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The Comic Con Survival Guide

For those of you brave souls traveling to San Diego this week, I must say I do not envy you! I must also point out that I will not be among you, as I went once in 2008 and was so completely overwhelmed that I never really wanted to do it again. I'm all for conventions, as some of you well know, but Comic Con is just a wee bit too big for someone who dislikes most people as much as I do! But for those of you going, I would like to offer some words of advice from someone who has lived and learned...through exactly one Comic Con.

1) Bring water and food. Two years ago I had one bottle of water, a granola bar, and a pack of gum, and I thought that would get me through the Sunday panels after a somewhat harrowing drive down to San Diego for only one day of the annual nerd-fest (which I say with love because I, too, am a nerd-- just of a very specific kind: I am a TV nerd). Between the body heat, the running around the floor looking for swag/trying to make it panels on time, and the sheer number of hours in the day, I was feeling faint by the time I piled back into my car at the end of the day. So when I say bring food; I mean food. Pack a sandwich. Or two! If there is any place old-school lunchboxes are acceptable and even revered, it is Comic Con! If you have a retro Batman or something you may even find collectors taking photos of it or offering you money for it.

2) Wear comfortable shoes. Comic Con is not the place to worry about looking cute or needing to be tall in photographs. If it would be feasible, I would even say go barefoot but then you'd have a really good chance of getting a little piggy trampled. So sneakers are definitely the way to go (flip-flops don't have enough support). Might I suggest Blochs? They're sneakers made for dancers which means awesome arch and ankle support!

3) Bring a spare tee-shirt. Just to warn you, you will be sweating. Yes, the convention center has air conditioning, but you will be packed like sardines into some of the rooms, and you will be inches from some people in full-on rubber and plastic costumes, which leads me to:

4) Deodorant. It's common sense but still necessary. I'm not really sure why Dove or Axe body spray or whoever doesn't get a vendor table on the floor and hand out samples. It would be much appreciated. And just good business sense.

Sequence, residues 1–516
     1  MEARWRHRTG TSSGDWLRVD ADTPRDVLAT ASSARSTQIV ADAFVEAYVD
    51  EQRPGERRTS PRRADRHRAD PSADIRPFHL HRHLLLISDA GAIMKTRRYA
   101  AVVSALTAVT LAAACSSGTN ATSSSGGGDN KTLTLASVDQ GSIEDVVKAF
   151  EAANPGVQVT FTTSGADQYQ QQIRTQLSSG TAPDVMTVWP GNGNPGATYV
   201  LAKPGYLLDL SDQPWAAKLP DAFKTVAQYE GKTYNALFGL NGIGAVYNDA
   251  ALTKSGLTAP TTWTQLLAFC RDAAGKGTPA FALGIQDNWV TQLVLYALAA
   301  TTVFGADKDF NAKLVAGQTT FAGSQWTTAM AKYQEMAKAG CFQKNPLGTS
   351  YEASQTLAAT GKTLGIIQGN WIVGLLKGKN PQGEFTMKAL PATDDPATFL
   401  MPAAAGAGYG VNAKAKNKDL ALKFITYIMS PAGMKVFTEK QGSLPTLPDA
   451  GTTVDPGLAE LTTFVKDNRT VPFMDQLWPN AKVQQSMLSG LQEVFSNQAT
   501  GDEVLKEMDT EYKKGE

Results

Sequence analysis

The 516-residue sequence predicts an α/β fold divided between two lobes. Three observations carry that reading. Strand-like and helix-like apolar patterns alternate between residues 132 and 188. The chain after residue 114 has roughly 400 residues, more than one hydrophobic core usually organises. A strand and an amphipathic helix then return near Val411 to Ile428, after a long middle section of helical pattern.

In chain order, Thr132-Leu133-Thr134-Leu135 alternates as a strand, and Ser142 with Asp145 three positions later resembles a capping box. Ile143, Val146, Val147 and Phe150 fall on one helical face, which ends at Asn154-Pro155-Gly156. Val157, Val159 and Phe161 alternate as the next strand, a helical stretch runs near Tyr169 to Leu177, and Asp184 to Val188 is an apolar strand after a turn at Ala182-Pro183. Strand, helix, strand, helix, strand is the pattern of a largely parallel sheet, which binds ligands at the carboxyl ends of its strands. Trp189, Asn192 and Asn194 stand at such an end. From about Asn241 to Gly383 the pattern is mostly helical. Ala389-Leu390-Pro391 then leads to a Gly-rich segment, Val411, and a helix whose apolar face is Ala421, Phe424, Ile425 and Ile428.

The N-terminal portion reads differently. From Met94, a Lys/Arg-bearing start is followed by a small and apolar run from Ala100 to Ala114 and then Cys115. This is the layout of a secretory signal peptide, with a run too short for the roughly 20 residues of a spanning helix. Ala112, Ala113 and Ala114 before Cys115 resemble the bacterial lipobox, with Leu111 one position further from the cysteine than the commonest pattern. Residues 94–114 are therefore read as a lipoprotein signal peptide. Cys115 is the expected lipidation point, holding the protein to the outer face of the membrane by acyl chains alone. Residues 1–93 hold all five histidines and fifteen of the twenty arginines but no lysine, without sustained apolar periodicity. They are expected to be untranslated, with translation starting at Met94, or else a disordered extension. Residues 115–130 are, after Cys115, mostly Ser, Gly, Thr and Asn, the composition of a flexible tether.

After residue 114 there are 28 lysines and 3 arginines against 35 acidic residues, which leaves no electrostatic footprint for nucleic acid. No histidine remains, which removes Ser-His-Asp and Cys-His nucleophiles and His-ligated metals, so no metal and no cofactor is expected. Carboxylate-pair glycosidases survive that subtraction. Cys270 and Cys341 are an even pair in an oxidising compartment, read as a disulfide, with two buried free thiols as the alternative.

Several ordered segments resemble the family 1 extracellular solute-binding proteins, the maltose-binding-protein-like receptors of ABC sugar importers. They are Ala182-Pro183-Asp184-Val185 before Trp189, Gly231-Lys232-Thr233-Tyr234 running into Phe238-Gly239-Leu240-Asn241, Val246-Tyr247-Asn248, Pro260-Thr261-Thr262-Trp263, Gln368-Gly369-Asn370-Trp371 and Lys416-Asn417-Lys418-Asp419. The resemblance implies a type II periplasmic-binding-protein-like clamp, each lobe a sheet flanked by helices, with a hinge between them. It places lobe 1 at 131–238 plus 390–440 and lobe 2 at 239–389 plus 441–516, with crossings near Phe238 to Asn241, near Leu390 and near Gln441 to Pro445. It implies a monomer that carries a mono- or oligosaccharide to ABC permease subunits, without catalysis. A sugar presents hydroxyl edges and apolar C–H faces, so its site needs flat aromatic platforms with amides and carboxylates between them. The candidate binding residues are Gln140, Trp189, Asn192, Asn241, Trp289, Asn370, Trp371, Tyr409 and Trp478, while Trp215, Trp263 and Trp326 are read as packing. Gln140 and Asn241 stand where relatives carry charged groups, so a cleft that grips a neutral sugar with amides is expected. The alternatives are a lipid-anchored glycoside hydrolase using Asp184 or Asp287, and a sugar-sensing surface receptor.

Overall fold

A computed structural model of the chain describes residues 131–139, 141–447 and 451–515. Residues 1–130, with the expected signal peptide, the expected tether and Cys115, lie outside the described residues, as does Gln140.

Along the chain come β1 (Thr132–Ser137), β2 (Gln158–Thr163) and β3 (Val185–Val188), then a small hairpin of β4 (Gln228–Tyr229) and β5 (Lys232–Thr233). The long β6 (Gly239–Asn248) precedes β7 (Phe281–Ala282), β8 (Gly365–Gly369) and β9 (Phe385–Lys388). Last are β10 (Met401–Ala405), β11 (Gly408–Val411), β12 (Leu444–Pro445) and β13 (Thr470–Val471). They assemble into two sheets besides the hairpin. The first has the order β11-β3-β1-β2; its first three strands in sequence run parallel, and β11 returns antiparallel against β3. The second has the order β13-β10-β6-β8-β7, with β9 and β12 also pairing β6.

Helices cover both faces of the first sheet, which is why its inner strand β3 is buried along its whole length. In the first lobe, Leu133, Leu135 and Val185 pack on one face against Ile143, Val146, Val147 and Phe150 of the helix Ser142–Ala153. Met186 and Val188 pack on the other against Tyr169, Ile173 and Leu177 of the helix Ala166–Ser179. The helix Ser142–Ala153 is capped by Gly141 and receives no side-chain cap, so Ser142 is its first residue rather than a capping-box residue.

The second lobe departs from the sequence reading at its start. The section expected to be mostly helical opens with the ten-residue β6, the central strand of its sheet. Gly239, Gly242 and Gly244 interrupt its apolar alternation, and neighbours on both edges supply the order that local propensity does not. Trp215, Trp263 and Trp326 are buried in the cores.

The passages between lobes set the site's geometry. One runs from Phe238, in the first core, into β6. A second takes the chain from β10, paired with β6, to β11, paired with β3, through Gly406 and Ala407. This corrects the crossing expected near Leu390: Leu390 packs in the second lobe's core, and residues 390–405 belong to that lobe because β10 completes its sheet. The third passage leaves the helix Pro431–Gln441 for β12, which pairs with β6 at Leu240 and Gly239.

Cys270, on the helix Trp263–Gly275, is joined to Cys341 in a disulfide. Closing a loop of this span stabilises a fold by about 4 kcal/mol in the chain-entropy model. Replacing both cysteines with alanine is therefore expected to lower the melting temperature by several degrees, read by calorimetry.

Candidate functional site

5) Grab one of the free swag bags at the start of the convention. This also sounds like common sense to some or unnecessary to others, but it is worth mentioning. Bringing a big purse is not sufficient. And backpacks? Even at Comic Con, that is cause for alarm. Take the swag bag because it's free, and free stuff is always awesome. But take it because it will hold all of the other free stuff you inevitably take because it is, again, free. It's also a good place to carry extra bottles of water.

6) Bring a camera. Even if you're in the back of the room for panels, you will undoubtedly see cool stuff while walking around that you'll want to document. Whether it's a display or another convention-goer dressed up like their favorite sci-fi character or even just to Tweet out photos of the swag you obtain!

7) Don't forget the charger!

8) If you're Tweeting or live-blogging the event from a portable device such as a laptop or iPad and are not sitting in the press section, be considerate of your neighbors. Most people are attending for fun and just to take time out of their daily lives and "geek out" a little bit, and the incessant clicking of fingers on keys or the light from the screen(s) can be distracting and bothersome.

9) Strike up a conversation with a random stranger. This is the perfect place to meet people. Not quite to network, unless you're already on the press list, but still. You're in a convention center with thousands of like-minded people, all of whom are excited about many of the same things you are, and some of whom attend alone. I have never met friendlier people than at conventions like this!

10) Bring rubber bands. Okay, I stole this everyday survival tip from Maggie Griffin, but it rings true here. Rubber bands can be used to tie up long hair when you're hot and sweaty; they can bundle random pens with company or show logos on them; they can even act as makeshift bracelets by drawing designs with said pens on them if and when you get bored while waiting on line for a panel.

But since I have only been to one of these in the past, I may have forgotten a few key things here. Feel free to list YOUR survival guide in the comments!

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